Play­ing with lives on our roads

Kathimerini English - - Front Page - BY NIKOS KONSTANDARAS

A few nights ago, I was about to step off the side­walk to cross the road out­side my home when a car hur­tled past me. I was star­tled – not be­cause I was more dis­tracted than usual but be­cause the ve­hi­cle was speed­ing il­le­gally up a one-way street. I caught a glimpse of young peo­ple inside. They may have been laugh­ing. I don’t know if they even saw me. I felt de­spair and anger. If I had got there a few sec­onds ear­lier, I would have looked left and seen that noth­ing was com­ing. It was very late, per­haps I would not have ex­pected any­thing to come from the right, and I may not have looked that way be­fore step­ping into the ve­hi­cle’s path. Also, if a car had turned from the small side street into the main road, the two ve­hi­cles would have col­lided head-on, as there was no space for the speed­ing one to stop or swerve. The road is nar­row but rel­a­tively busy. That’s why it is a oneway street. Late at night there are usu­ally no chil­dren or old peo­ple about, but such il­le­gal be­hav­ior is dan­ger­ous at any mo­ment of the day. Each year we grow ac­cus­tomed to ever more out­ra­geous be­hav­ior. For years we have tol­er­ated mo­tor­cy­cles driv­ing or park­ing on side­walks, then they be­gan to drive against traf­fic on one-way streets. Ad­her­ing to the traf­fic code and obey­ing signs and traf­fic lights ap­pears to be a purely vol­un­tary ex­er­cise for many mo­tor­cy­clists. Now the ill­ness of traf­fic in­sub­or­di­na­tion has spread to car driv­ers. More and more, they drive up one-way streets. The traf­fic po­lice fig­ures are not par­tic­u­larly help­ful: Al­though they list “driv­ing into on­com­ing traf­fic” as a prin­ci­pal cause of deaths (cost­ing the lives of 63 of the 789 killed in Greece in 2015), this con­cerns two-way roads. “Driv­ing the wrong way on a one-way street” is lost in the cat­e­gory “Other Vi­o­la­tions.” It is clear we are see­ing more traf­fic vi­o­la­tions on our roads and side­walks even if it is hard to prove with statis­tics. To­day there are fewer ve­hi­cles on the road than at the start of the eco­nomic cri­sis, so it is nat­u­ral the num­ber of deaths will have dropped. In 2007, for ex­am­ple, 1,449 peo­ple died on our roads. Polic­ing, too, is a vari­able, so we can­not draw firm con­clu­sions as to whether vi­o­la­tions have in­creased, nor their pos­si­ble causes. What sta- tis­tics do show is that apart from dif­fi­cult traf­fic con­di­tions (such as inadequate road signs, worn sur­faces, and so on, which caused six deaths in 2015), dan­gers on our roads are mainly the fault of bad driv­ers, much of this stem­ming from a lack of dis­ci­pline. And this prob­lem does not seem to be go­ing away. The in­abil­ity of so many of us to obey rules in­tended for the safety of all re­veals in­dif­fer­ence to our own lives and those of oth­ers, cyn­i­cism, ag­gres­sion and a per­haps jus­ti­fied sense of im­punity (ex­cept, of course, when we blame our “bad luck” when things go wrong). Such be­hav­ior, which can be blamed for so many ills, was not im­posed on us by for­eign oc­cu­piers, nor by cred­i­tors, nor by any mem­o­ran­dum.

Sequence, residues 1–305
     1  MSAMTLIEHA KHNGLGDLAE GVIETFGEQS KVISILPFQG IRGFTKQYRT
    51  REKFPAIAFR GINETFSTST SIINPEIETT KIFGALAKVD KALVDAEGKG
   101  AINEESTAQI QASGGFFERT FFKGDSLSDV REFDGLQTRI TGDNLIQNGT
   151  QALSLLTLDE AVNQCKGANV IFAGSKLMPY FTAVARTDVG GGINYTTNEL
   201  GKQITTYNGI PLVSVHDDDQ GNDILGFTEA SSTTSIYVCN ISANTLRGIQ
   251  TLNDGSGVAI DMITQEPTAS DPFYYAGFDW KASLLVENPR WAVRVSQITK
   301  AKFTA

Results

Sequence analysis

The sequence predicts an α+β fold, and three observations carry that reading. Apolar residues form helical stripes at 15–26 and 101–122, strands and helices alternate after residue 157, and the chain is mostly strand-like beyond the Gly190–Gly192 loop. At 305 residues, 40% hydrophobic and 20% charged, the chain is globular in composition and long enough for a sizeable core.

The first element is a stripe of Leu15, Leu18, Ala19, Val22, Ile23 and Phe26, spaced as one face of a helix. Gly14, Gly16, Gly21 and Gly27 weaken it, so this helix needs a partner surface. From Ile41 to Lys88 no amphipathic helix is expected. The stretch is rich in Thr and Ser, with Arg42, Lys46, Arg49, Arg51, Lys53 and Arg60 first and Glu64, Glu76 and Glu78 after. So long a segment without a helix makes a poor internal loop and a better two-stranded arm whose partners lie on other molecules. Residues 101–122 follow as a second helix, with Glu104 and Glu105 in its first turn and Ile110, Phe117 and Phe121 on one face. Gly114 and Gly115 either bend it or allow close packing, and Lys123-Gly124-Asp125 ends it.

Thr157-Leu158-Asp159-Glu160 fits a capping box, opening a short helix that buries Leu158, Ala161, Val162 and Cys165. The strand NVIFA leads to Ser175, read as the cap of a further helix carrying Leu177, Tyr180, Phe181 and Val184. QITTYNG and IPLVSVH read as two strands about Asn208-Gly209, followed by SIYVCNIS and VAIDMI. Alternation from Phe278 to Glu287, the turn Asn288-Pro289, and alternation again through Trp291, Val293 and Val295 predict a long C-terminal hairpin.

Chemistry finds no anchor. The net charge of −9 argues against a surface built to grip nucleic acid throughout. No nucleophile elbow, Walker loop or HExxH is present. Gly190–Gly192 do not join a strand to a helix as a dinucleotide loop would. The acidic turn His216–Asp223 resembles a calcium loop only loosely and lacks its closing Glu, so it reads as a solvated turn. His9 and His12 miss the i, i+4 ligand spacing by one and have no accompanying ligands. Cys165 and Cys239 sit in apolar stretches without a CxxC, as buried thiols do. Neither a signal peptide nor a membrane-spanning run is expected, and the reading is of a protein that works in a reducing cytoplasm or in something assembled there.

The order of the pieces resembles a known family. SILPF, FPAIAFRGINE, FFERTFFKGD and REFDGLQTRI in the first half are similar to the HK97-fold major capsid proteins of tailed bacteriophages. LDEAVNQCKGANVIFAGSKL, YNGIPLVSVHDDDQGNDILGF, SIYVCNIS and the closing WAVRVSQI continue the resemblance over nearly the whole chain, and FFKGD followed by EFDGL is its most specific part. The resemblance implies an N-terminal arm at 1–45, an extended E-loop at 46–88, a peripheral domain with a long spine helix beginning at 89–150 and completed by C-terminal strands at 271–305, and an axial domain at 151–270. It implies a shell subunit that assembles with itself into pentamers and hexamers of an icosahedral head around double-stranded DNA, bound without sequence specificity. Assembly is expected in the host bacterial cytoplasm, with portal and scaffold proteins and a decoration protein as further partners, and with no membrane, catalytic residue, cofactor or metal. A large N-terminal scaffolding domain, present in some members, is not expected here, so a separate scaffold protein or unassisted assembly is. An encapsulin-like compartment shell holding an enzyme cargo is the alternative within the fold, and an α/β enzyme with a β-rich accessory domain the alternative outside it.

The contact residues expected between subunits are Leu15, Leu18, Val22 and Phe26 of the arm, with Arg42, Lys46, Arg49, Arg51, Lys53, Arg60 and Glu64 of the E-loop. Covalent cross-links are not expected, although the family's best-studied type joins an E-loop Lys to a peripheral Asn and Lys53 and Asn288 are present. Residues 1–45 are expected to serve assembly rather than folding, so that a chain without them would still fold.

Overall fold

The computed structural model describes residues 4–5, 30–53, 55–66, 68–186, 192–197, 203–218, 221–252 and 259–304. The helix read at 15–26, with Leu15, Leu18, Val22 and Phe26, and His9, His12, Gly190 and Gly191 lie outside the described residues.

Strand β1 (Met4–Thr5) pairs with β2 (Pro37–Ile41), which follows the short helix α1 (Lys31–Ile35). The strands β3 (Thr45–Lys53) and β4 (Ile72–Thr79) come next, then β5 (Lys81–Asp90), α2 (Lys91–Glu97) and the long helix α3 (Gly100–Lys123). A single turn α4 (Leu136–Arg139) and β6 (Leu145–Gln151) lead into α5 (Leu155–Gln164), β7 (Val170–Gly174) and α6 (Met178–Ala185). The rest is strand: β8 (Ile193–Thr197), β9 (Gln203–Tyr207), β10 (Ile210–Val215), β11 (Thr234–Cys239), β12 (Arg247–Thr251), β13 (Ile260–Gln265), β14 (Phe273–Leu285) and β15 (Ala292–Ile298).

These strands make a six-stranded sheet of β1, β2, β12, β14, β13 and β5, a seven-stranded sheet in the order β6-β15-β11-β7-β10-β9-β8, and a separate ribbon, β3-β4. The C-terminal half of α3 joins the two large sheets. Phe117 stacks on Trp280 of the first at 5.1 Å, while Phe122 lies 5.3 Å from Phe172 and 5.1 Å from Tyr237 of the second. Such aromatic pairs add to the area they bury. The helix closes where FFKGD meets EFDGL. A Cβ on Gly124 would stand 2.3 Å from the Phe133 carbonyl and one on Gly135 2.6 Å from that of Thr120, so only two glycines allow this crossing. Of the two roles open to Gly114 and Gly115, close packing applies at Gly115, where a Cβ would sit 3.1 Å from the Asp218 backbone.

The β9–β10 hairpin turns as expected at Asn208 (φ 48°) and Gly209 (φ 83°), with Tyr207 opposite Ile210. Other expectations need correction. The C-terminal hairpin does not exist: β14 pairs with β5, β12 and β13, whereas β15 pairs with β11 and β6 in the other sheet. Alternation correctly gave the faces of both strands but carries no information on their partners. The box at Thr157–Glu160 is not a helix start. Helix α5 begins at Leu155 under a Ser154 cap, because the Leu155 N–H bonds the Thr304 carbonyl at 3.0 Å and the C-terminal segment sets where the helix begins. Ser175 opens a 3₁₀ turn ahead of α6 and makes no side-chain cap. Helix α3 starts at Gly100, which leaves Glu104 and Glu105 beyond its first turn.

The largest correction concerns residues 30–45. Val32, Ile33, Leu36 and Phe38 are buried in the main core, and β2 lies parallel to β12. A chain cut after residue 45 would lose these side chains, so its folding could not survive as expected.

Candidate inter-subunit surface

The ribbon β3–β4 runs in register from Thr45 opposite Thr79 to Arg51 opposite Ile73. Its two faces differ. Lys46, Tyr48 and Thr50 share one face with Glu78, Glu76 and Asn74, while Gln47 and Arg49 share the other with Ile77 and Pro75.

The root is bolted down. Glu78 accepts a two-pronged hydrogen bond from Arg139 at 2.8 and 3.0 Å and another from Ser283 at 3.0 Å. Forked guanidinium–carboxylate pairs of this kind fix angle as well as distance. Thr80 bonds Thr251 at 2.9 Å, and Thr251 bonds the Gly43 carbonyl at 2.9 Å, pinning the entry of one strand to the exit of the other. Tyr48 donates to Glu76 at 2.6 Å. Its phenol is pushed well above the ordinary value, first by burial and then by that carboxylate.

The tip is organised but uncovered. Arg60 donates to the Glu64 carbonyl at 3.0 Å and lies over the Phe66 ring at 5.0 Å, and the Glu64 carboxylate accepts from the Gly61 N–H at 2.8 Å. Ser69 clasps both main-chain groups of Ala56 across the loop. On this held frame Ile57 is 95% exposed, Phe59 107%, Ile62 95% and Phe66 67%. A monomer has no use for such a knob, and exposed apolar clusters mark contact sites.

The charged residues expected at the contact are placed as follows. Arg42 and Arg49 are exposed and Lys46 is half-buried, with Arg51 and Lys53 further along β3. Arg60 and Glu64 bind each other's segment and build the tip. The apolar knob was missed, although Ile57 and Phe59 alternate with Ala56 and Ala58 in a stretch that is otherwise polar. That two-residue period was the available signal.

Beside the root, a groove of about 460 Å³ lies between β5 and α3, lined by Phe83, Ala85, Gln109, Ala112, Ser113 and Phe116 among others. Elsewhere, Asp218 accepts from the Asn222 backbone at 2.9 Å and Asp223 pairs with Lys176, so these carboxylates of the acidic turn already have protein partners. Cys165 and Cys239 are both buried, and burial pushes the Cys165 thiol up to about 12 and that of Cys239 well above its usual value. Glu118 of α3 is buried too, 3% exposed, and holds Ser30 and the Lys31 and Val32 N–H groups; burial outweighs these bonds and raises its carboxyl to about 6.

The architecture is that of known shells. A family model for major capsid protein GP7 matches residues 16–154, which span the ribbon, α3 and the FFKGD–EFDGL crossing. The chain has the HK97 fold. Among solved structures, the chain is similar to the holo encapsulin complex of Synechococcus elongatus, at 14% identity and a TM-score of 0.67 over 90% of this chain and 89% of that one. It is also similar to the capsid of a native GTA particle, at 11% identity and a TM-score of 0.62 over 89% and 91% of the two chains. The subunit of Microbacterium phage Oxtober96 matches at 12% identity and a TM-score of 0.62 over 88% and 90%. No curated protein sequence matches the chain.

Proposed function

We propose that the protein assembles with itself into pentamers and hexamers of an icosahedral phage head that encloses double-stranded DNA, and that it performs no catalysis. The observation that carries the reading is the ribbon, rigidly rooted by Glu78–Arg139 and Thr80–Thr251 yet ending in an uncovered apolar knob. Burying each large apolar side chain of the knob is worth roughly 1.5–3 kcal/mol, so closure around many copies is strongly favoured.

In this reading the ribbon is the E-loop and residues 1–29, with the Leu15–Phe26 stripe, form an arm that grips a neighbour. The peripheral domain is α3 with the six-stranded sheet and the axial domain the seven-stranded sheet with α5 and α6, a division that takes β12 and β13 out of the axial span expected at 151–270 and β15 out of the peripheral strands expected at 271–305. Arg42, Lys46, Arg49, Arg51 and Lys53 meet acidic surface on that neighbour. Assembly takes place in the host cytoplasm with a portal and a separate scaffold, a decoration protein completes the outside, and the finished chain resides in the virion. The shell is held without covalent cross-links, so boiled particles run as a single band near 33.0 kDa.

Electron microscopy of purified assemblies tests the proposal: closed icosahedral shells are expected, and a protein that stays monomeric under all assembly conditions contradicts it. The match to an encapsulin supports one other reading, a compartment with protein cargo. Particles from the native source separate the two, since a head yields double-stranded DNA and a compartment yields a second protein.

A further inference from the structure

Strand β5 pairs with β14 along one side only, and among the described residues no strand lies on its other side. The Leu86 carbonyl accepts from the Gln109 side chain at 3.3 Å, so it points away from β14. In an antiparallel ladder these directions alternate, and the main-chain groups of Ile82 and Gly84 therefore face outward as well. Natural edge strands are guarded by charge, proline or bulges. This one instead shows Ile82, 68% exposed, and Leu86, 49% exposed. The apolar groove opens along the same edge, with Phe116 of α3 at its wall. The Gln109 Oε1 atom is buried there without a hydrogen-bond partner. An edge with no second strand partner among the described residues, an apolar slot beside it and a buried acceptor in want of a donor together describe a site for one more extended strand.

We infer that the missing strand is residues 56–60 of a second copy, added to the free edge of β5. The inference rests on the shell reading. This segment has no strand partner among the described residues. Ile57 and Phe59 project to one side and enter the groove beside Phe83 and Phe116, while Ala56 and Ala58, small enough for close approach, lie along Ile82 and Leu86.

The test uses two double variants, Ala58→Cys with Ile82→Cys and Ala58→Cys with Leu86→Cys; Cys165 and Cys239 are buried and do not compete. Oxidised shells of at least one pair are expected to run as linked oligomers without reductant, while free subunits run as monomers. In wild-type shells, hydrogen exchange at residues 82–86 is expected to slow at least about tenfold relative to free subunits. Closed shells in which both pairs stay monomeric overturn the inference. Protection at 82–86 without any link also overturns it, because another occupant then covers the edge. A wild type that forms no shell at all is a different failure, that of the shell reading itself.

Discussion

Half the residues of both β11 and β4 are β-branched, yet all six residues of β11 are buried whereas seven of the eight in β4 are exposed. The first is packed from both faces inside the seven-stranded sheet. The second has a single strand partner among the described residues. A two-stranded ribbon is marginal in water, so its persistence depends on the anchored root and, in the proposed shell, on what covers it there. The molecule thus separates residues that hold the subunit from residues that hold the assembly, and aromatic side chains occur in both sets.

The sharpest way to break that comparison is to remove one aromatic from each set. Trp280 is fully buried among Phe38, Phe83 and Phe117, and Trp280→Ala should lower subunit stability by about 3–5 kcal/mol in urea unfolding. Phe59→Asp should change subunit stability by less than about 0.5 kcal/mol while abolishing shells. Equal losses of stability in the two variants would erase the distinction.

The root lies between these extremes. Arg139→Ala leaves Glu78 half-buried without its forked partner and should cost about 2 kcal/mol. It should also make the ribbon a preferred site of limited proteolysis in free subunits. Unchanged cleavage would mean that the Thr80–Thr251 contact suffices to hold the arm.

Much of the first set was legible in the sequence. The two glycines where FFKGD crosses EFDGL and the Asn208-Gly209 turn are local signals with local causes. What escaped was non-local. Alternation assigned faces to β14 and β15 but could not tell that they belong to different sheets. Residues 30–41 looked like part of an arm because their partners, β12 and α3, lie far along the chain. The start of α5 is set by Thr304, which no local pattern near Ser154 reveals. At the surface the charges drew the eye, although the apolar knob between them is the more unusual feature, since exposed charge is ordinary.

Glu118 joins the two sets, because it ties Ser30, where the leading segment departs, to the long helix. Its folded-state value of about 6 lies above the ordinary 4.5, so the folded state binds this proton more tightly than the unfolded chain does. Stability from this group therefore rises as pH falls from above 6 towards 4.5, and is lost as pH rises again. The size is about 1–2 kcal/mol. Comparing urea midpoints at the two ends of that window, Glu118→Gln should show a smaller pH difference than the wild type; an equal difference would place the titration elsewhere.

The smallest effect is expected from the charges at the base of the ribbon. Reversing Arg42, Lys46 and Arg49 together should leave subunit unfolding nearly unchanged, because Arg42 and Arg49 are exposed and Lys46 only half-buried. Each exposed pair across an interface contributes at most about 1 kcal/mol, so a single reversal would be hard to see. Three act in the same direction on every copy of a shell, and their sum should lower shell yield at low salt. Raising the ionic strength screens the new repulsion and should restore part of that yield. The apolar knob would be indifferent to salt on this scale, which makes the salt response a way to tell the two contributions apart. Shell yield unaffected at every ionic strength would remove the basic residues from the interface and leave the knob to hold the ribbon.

Newspapers in English

Newspapers from Greece

© PressReader. All rights reserved.